The other day, the executive director of Enterprise Uganda, Mr. Ocici Charles, contributed to the need-to-be checked bias by advising Ugandan youth meeting in Kampala not to be derailed by calls from government agencies to formalise their business. Lately, the Uganda Registration Services Bureau and the Uganda Revenue Authority have been urging informal businesses to increase the tax base by opting for formalising of their entities. Mr. Ocici argues that while formalisation supports enterprise growth, businesses should be allowed to first establish themselves, and that formalisation can be done as they grow.
On the same day, Mr. Aguma Denis, the founder of National Association of Students Enterprise, decried the scope of youth unemployment in the country. Uganda is, indeed, the most entrepreneurial country in the world, yet it also has one of the world’s highest rates of youth unemployment. In fact, more than 400,000 youth enter Uganda’s job market annually yet only 80,000 to 90,000 are absorbed in the labour market.
As such, Uganda is extremely informal, extremely unregulated, has a limited understanding of the procedures necessary for successful formalisation, and is with a predominant use of untraceable cash. This is because the many entrepreneurs, who give us a top spot, are in it purposely for their personal survival, and not necessarily to change the world. Most businesses are not innovative enough to embrace ever availing opportunities and to progress onto bigger things.
The reason for these extremes lies in the nature of career guidance presented to many a student. The transition from their parent’s homes to their schools and to a job – for those who get one – is an easy one – there is always someone to take care of them, to feed them, to channel their sense of direction. However, all this happens within an already shaped structure, one which is not amenable enough to accommodate the unfathomable figures of the unemployed.
Most of the unemployed are because even when they still have to earn a living, they are not introduced to the different ways they can make careers out of identifying opportunities and making the most of them. After graduating from school, the get lost from not being adopted into the aforementioned system, which they go on to blame for many misfortunes.
The best that could happen to them is helping them appreciate, for example, various vocational activities. These may include, for example, carpentry, with intent of developing into a furniture business. It is at that nascent, under the radar stage that most of the skills which would be needed for the better stages of their business, such as book keeping, building a brand, and a loyal clientele.
For that transition to be made, it is inevitable for the business owners to formalise their entities. It would help them prepare to be compliant with the authorities, to open up access to credit, and safety nets like insurance of their business at a much earlier stage. For that transition to be effectively made, the choices for formality are going to be dependent on the structure of the economy.
Uganda’s economy is one that needs an overhaul in the form of restructuring. Importantly, with particular emphasis on how information is packaged, and relayed. It is notable that existing businesspeople are still scared of what might come of formalisation. Their fears develop from the uninformed impression that most businesses are not innovative enough to deserve formalisation. That is not true. Every business, in these times, must be able to always find innovative ways not only to survive but to, also, face the ever intensifying competition.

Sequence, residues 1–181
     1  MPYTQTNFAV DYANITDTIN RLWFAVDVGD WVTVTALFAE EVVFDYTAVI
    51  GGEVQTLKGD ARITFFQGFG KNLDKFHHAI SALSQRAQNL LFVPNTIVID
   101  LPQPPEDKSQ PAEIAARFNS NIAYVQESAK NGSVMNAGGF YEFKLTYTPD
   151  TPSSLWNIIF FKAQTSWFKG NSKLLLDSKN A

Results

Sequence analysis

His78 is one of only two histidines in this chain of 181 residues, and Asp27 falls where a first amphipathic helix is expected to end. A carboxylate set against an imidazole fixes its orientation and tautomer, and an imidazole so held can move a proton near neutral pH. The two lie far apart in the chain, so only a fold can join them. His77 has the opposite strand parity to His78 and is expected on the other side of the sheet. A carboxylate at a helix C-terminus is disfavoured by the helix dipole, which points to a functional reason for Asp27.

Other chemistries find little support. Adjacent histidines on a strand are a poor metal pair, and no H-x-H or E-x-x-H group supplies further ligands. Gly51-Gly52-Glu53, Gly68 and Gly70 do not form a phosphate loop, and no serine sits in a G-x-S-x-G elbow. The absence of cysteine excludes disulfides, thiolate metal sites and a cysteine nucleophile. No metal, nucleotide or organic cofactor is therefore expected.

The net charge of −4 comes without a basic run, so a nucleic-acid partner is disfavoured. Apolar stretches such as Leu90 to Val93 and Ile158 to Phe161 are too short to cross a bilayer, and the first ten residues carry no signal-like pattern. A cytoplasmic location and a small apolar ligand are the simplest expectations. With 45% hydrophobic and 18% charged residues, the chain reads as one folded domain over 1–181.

There is also an anticipation of hefty taxation from the Uganda Revenue Authority. That is not true, too. The formal sector is participating in the market, but using services from the informal sector. That is, the formal sector is borrowing, especially money, from the informal sector. What formalisation would achieve is that it would bring more informal businesses, which employ 70% – 80% of Ugandans into the formal sector, with the effect of increasing the tax base in such a way that many would pay a little instead of a few paying a lot. It would reduce the tax burden on the few existing tax payers. It would help in reducing tax evasion and avoidance and erasing the black market.
In a highly competitive market, protecting one’s innovation necessitates that entrepreneurs formalise. In addition, it is only after formalisation that they can ably and successfully enter partnerships and interest alien interests and clientele. Amongst others, formalisation also helps a business create more employment opportunities through expansion, and enables registration for licences.
Our education system cannot train people with employable skills. Career guidance is patchy and too dependent on individual teachers having the right expertise – with employers finding out that school leavers do not have the necessary skills or training to do the work which they are employed in. The youth need to, first, be equipped with skills and confidence to develop their ideas and vocational interests in the formidable businesses that will help them combat unemployment. There may not be employment, but there is a lot of work.
Formalisation would lose meaning after growth. It is better to be, like the youth say, “legit” from the onset. It would help them be organised and transparent and to be characterised by integrity from the very beginning.
It is therefore incumbent upon the authorities, especially the Uganda Registration Services Bureau and the Uganda Revenue Authority to enlighten the informal sector on the benefits formalisation avails to it. The informal sector comprised of 49% of the GDP in 2014, which was an increment from 43% in 2002. The inclusion of the informal sector would enable it to contribute to national development through the payment of taxes.